Native Plant of the Week: Gray Headed Coneflower ~ Ratibida pinnata

Other common names: Prairie Coneflower, Yellow Coneflower, Mexican Hat

As the common name suggests, this prairie plant resembles a coneflower (Echinacea species) in appearance with the conelike center and downward hanging petals. It is a great plant for any sunny location with medium to dry soil. It can reach about 5 feet in height and makes a nice companion to any prairie grass like Little Bluestem.

The cones are gray when the petals emerge, then as the plant flowers upwards on the cone, the cone turns brown. It is sought out by many types of bees and wasps, the bees like to make several circles around the cone collecting the pollen. It also attracts many butterfly species. Later in the season gold finches will peck at the cones for seed.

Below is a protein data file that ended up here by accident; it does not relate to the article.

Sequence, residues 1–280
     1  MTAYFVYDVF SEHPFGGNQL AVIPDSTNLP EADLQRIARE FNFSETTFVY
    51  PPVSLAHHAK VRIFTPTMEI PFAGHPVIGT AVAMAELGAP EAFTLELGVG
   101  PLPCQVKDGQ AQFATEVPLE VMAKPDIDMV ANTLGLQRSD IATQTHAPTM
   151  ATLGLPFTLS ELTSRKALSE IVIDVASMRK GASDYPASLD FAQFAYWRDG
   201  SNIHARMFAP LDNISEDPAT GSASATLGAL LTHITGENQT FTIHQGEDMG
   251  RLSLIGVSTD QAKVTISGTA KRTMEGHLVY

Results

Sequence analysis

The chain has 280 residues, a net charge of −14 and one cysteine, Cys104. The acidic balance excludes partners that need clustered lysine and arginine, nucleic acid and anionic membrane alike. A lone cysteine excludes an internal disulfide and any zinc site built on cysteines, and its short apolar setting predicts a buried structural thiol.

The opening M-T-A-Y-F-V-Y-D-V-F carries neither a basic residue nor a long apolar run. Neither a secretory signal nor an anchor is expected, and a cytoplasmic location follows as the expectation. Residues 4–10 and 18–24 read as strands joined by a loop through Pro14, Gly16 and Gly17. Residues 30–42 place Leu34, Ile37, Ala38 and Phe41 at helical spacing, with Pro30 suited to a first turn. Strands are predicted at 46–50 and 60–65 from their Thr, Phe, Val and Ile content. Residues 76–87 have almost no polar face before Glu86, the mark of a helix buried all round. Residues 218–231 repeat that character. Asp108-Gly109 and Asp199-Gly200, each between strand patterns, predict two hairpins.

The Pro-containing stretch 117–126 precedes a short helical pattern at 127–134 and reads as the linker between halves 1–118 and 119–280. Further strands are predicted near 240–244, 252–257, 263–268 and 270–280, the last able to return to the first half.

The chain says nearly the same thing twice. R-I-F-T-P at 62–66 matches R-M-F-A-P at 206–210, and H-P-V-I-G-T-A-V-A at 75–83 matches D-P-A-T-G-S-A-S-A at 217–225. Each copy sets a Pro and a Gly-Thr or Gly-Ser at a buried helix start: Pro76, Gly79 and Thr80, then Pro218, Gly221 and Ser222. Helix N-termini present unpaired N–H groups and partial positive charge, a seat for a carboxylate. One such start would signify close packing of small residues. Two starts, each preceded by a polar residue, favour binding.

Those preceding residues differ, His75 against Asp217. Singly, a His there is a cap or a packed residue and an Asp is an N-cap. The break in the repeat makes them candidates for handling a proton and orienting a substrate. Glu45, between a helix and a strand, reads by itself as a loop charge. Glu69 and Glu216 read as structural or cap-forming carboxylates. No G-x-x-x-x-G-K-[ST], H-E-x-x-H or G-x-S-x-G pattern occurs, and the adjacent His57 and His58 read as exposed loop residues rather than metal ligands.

This plant seems to be a good survivor in areas that were formerly prairies. I have seen it growing throughout much of west central and southern Minnesota along roadsides and the edges of farmland. It is quite noticeable even at highway speeds because of its height and bright yellow flower color.

Another species in this Genus is the Long Headed Coneflower (Ratibida columnifera) which has a much longer cone and is shorter in height.

A large patch of Gray Headed Coneflower in a prairie is a wonderful site to see with the petals waving in the wind.